Ntaba says ‘Cashgate’ not part of Peter’s olive branch

The governing Democratic Progressive Party (DPP)’s vice-president (Central Region) Hetherwick Ntaba, has said the Peter Mutharika administration will pursue the corruption Cashgate and Jetgate scandals to their logical conclusion and should be construed as political vendetta.

Speaking to national broadcaster MBC, Ntaba said President Mutharika offered a political olive branch to his opponents, including his predecessor Joyce Banda ensuring that there will be no arbitrary arrest or political witch-hunt.

However, Ntaba said the olive branch does not include Cashgate and Jetgate scandal as the President want a due process of the law take place.

Ntaba: No vengeance but  law taking its course
Ntaba: No vengeance but law taking its course

“Pursuing issues around Cashgate and Jetgate do not contradict the offer of reconciliation by the President,” Ntaba said on MBC.

He said cases will be pursued without political vendetta.

“Vengeance does not include pursuing cases that are genuine and have facts which point to the law being violated. Vengeance means manufacturing cases against opponents because you think at their time in power they caused you pain. Cashgate is not a matter that has been manufactured by the DPP against its opponents,” argued Ntaba.

Malawi Economic Justice Network national coordinator Dalitso Kubalasa has since welcomed the need to have the Cashgate and Jetgate scandals fully discussed in the National Assembly, saying the process will help answer lingering questions and win back the confidence of the people and international community.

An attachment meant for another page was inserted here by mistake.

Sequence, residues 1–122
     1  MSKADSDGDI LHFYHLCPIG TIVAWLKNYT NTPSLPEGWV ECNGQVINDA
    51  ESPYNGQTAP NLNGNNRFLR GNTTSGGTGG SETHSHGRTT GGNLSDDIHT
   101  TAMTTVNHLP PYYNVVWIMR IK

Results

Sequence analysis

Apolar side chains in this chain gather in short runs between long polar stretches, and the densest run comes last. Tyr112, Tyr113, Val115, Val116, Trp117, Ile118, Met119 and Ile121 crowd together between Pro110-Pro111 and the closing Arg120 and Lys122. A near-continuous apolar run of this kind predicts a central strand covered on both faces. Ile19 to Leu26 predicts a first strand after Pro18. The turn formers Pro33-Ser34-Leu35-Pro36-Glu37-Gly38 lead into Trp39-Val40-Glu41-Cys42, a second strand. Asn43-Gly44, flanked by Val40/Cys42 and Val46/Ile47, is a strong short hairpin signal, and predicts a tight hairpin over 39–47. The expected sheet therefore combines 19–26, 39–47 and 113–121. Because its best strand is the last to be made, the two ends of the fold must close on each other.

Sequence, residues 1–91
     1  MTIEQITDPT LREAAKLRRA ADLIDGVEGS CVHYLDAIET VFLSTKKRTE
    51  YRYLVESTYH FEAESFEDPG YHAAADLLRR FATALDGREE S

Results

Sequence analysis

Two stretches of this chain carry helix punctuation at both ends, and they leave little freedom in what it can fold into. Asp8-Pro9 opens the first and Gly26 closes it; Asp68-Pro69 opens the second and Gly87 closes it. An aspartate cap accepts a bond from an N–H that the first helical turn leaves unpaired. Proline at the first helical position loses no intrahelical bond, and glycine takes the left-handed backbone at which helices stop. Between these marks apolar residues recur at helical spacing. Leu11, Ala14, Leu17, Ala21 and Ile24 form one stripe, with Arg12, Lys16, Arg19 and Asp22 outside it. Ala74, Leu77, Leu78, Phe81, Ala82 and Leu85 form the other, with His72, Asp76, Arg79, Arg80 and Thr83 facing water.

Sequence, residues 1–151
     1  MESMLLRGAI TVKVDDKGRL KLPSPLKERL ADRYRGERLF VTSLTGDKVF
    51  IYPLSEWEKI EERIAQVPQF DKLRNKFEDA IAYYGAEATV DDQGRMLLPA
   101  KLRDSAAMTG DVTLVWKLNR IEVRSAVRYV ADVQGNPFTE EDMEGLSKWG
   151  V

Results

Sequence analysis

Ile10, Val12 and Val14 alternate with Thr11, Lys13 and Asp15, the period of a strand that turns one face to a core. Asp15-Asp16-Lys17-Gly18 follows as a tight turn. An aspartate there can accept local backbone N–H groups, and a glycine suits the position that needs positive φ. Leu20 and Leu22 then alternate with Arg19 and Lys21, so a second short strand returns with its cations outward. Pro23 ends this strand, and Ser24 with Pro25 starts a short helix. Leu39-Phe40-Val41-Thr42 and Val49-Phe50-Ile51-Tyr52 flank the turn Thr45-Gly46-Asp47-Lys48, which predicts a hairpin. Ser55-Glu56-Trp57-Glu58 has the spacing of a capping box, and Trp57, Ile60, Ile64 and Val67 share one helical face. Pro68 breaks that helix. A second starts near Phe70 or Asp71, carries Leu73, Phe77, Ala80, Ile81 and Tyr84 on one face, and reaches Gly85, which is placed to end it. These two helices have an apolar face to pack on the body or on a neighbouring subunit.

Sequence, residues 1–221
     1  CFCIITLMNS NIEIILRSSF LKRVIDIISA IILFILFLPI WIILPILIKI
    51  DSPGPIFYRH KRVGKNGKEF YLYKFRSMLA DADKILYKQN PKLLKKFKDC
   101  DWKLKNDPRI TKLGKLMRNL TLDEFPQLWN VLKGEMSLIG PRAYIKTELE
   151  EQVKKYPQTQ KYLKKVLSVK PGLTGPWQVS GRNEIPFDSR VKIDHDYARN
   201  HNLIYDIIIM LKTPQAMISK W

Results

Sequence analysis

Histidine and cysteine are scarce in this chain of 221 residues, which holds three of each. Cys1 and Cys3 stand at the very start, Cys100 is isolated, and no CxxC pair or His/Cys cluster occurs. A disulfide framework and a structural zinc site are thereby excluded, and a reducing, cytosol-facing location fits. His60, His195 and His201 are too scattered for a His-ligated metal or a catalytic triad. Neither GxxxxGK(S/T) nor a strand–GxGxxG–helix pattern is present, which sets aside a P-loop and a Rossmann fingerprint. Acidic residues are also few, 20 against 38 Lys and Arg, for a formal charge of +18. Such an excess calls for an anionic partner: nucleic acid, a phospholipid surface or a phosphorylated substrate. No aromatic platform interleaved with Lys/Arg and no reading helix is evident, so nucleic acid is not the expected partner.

“We welcome any effort that will answer the many questions that linger around these matters. Whether the pilferage of resources started 10 years ago, 2 years ago, 3 months ago, what we need is to have redress. These things are impacting negatively on the economy, and we need to agree as a country that we have to take a different direction,” said Kubalasa as quoted by Weekend Nation.

Writing on his My Diary column in the newspaper, Weekend Nation editor George Kasakula argued that in pursuing Cashgate there should not be “selective justice”.

“Cashgate started during DPP’s time before Bingu’s death. Inclusive justice must make sure that all thieves are brought to book,” he pointed out.

He said it is only inclusive justice that will call cause for celebration that “rule of law is working in Malawi.”

And donors have told the paper that the new DPP government must clean up the mess as a result of the Cashgate scandal in which billions were stolen from Treasury or it should forget about direct aid.

The Common Approach to Budgetary Support (Cabs) chairperson Alexander Baum, said as reported by Weekend Nation that: “For the future, the use of government systems for channelling aid to Malawi will depend a lot on how determined and effectively the reforms that started will be continued.”

Baum, who is also head of delegation of the European Union (EU) to Malawi, said donors look forward to engage with the new government of President Mutharika on issues which are “so important for Malawi to move forward.”

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